Nature’s Top Three Remedies for Hay Fever

nettle alergies tea

Sneezing, runny nose and itchy eyes, sound familiar? It probably does, considering the sun is out and the pollen is rife!  Sadly the festival weather isn’t all fun and games for the quarter of Londoners who suffer from Seasonal Allergic Rhinitis, more commonly known as hay fever.

Allergic Rhinitis is an airborne allergic reaction that occurs when substances called allergens connect to allergy receptors in the nasal cavity. The body reacts by releasing a compound called histamine, which in turn causes a cascade effect of itchiness, runny nose, sneezes, watery eyes, and headaches.

13 million people in the UK are affected by the condition - which amounts to a lot of antihistamines sold each year! Antihistamines are the over-the-counter medicine most commonly used to counteract the symptoms of hay fever but often come with a series of nasty side effects, notably drowsiness, dry mouth, rapid heartbeat, difficulty with urination, weight gain and rapid mood changes.

Although many people take these medications with no problem, it’s worth considering that nature might be both the cause and cure for the condition. Therefore, the team here at Fix have compiled a list of the best natural remedies that have been proven to combat the pollen, so you can keep fighting nature with nature!


1. Nettle Tea

After hearing from one of our patients that Nettle tea cleared up her partner's powerful seasonal allergies, we brought it to the festival to try it out in the fields! Ironically, it turns out that 4 cups of nettle tea a day, mixed with honey and mint, tempers the ‘prickly’ sensations around the eyes and nose. Magic! For extra brownie points you could pick the nettles fresh yourself, as long as you make sure to wear gloves!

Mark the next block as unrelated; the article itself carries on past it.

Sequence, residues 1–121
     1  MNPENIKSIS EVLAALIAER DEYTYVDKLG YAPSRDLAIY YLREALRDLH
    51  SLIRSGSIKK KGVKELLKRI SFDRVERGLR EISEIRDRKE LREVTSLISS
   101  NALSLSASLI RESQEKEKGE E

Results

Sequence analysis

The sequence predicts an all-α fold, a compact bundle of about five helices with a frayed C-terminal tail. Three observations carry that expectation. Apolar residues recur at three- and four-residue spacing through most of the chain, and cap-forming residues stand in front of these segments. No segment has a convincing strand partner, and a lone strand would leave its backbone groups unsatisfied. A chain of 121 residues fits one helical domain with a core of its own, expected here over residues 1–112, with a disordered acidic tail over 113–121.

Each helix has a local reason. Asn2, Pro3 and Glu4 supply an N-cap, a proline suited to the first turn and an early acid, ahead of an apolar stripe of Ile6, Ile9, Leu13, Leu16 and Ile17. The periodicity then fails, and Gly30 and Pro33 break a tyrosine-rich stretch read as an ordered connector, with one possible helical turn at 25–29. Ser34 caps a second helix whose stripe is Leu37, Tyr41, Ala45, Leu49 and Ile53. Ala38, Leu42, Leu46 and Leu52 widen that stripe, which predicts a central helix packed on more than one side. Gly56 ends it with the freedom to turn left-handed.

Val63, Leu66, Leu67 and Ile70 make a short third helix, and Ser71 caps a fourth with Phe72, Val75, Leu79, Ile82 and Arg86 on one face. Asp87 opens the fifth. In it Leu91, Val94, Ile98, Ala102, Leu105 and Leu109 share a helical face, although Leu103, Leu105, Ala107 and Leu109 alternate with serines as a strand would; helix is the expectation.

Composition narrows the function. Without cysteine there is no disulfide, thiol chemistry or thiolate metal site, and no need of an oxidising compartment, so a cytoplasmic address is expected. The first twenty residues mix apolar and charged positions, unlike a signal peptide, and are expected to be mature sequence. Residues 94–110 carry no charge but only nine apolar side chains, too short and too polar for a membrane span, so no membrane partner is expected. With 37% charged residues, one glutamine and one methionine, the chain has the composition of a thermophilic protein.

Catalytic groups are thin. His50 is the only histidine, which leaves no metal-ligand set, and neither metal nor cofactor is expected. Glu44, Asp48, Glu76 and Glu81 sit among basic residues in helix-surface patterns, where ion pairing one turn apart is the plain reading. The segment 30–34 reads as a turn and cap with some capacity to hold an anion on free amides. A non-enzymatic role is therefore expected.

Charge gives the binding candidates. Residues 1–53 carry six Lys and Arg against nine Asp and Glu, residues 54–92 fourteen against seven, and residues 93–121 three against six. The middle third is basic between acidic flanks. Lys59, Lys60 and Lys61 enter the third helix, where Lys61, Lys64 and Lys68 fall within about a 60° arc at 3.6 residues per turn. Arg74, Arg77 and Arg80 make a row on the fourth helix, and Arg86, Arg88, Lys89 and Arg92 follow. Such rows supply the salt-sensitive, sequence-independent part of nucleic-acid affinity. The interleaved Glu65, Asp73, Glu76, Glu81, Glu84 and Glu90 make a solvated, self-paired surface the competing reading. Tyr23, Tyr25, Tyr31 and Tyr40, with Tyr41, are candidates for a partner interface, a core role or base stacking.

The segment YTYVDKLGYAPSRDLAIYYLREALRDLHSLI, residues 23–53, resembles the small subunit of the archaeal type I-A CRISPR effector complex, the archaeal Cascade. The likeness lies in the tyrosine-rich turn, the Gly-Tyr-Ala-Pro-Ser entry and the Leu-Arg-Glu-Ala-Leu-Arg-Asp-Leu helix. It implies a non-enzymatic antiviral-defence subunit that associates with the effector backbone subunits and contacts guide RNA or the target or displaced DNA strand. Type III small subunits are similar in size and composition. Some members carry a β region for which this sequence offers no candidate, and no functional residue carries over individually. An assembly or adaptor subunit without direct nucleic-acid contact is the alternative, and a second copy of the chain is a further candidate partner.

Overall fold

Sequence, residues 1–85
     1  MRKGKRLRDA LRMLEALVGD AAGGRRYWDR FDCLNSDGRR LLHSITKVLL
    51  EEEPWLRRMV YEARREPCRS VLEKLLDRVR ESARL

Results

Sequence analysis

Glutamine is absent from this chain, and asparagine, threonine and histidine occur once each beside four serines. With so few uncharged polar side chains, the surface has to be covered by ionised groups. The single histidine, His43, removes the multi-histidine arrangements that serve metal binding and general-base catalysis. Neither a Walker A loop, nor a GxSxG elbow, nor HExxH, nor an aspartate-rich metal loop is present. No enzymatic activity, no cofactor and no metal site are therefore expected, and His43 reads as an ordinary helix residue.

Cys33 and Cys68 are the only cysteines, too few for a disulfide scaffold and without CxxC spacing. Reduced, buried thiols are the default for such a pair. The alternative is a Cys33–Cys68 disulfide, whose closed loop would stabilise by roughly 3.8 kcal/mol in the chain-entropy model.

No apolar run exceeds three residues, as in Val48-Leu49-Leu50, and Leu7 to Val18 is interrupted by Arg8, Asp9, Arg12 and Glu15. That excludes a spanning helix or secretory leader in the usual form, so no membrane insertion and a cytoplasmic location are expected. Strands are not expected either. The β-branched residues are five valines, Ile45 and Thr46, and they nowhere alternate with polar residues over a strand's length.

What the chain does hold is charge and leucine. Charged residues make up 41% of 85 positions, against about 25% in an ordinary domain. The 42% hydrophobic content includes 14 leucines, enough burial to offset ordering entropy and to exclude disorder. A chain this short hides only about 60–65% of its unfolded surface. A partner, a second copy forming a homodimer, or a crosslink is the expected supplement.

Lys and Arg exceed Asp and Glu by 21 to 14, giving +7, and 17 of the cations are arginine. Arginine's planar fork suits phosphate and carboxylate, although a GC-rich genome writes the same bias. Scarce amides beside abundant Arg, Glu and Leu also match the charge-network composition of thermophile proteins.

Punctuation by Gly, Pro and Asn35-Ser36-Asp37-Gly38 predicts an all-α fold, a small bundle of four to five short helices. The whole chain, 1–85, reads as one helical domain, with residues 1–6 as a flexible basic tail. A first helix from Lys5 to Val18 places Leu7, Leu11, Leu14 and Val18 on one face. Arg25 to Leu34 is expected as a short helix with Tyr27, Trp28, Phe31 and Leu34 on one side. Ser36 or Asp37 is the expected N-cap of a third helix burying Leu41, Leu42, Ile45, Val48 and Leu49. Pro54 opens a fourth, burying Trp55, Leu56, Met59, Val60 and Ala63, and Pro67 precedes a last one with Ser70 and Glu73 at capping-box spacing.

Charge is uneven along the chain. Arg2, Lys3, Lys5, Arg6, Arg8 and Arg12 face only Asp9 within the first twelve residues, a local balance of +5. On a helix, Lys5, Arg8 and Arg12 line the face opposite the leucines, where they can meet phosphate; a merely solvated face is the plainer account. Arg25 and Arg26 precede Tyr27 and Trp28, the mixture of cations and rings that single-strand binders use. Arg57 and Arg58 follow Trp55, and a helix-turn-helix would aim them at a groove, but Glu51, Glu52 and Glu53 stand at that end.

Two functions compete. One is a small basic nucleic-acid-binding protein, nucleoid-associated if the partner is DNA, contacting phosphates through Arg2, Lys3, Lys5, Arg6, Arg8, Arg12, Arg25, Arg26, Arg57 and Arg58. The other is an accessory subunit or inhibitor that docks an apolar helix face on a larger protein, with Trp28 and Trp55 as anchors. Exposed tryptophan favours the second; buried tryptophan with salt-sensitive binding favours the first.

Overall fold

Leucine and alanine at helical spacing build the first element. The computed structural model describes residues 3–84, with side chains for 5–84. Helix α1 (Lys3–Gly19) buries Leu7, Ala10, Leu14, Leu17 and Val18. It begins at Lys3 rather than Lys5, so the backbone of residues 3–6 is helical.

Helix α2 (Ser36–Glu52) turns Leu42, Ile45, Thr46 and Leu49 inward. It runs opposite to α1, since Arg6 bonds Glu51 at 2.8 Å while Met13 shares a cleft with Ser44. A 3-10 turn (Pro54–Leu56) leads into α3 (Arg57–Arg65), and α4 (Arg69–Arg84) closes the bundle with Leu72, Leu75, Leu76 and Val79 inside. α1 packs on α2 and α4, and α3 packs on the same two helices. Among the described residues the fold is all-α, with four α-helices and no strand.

2. Become at one with the Bees

A great way to boost immunity to pollen is by acclimatising yourself by eating the local honey. James Hamill a 4th generation beekeeper says “Most people aren't coming in contact with local pollen and where would they ever eat it in their daily diet unless they can eat fresh local honey?”

If local honey is consumed year round, by the time the pollen season hits you’ll have boosted your body's tolerance to the pollen. For natural local honey check out Hackney Garden Honey based in East London.


3. Treat yourself to some Acupuncture

Acupuncture has extremely positive results in helping hay fever. Melanie Hackwell, our acupuncturist at Fix East Village explains that “In Chinese medicine hay fever corresponds to a deficiency in the Lung and Kidney’s defensive Qi systems, with a retention of Wind in the body. For best results it should also be treated out of season, with some practitioners preferring to treat one month before the season begins. However, I do both and find there are great improvements in treating just after the season as well as before”.


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